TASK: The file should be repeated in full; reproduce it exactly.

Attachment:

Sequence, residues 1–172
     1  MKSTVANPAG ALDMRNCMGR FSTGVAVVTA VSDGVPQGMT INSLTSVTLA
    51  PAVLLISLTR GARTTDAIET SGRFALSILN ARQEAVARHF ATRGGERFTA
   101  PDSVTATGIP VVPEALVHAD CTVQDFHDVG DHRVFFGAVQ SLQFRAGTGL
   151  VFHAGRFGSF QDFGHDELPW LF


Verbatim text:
Sequence, residues 1–172
     1  MKSTVANPAG ALDMRNCMGR FSTGVAVVTA VSDGVPQGMT INSLTSVTLA
    51  PAVLLISLTR GARTTDAIET SGRFALSILN ARQEAVARHF ATRGGERFTA
   101  PDSVTATGIP VVPEALVHAD CTVQDFHDVG DHRVFFGAVQ SLQFRAGTGL
   151  VFHAGRFGSF QDFGHDELPW LF